The above approaches, in conjunction with restricting the export of round timber and low-value-added products, should take the domestic market for lumber goods and services to a new level. We will be able to increase the production of sawn timber by 55 percent, chipboard by 30 percent, plywood by 40 percent, paper and cardboard by 30 percent and wooden house sets by 60 percent. We will also preserve and restore forest resources, which are our country’s assets and pride. The forest cover in the Russian Federation will thus increase by 3 percent.
As distinct from the current version, this new version of the strategy contains annual objectives which the responsible federal bodies will report to the Government on each year. Based on this information, we will be able to promptly make decisions and adjust government support measures for reaching the objectives.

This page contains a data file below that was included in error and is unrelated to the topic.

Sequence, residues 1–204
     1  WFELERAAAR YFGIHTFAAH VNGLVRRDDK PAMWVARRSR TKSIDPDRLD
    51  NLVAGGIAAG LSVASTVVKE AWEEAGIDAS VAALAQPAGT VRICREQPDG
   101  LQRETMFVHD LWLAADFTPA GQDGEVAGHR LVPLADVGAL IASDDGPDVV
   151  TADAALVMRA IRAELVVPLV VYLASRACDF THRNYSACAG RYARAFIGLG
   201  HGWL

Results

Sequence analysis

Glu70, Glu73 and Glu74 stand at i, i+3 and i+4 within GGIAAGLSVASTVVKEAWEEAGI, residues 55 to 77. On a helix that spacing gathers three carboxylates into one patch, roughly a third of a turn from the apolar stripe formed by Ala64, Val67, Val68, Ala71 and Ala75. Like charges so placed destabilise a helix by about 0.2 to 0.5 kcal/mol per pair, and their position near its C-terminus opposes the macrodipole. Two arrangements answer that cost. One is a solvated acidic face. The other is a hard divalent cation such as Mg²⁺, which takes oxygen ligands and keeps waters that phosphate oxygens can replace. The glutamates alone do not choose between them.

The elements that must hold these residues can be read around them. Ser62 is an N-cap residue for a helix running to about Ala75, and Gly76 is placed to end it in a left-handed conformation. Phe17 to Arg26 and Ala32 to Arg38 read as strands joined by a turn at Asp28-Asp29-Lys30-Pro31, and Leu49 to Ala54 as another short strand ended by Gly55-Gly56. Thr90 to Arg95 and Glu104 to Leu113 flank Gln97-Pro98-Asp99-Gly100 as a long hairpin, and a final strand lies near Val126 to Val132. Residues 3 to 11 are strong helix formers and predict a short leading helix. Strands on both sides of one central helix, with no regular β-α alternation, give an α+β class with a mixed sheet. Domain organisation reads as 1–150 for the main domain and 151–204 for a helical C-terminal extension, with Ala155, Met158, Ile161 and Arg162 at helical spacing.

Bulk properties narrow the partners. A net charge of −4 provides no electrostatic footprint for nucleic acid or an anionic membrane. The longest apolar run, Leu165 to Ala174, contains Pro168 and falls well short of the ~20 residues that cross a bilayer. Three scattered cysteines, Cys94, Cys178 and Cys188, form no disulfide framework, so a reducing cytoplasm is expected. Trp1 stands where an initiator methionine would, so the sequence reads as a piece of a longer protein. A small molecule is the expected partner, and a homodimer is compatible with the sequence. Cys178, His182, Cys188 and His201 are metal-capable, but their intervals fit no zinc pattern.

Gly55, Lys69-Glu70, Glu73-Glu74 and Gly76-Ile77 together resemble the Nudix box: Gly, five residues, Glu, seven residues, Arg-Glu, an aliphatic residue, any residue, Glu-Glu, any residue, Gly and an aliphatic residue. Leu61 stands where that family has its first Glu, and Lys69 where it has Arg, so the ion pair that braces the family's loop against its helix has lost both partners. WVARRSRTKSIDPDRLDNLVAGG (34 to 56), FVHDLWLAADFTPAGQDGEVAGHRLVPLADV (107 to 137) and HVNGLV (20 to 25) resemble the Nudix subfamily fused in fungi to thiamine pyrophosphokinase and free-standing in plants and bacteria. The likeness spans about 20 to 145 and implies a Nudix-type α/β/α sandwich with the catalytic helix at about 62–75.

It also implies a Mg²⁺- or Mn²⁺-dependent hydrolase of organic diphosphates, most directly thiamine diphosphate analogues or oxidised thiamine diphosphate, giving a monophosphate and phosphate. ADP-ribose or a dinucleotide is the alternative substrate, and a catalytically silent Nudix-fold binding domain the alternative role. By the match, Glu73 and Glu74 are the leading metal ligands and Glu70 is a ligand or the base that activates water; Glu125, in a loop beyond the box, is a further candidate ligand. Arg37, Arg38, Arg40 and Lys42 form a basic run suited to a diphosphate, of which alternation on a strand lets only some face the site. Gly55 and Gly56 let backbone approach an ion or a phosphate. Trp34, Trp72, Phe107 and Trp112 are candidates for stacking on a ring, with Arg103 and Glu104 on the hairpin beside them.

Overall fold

Mr Mishustin, while working on this strategy, we involved all federal executive bodies concerned and our scientists. We also asked for the opinion of our colleagues from the Federal Security Service, the Audit Chamber, the Federal Assembly and the regions of the Russian Federation.
After this strategy is reviewed at the Government meeting, we will prepare a detailed plan for implementation.
Mikhail Mishustin: Thank you, Ms Abramchenko. It is necessary to promptly complete the work on this document so that we are able to review it at the Government meeting on Thursday.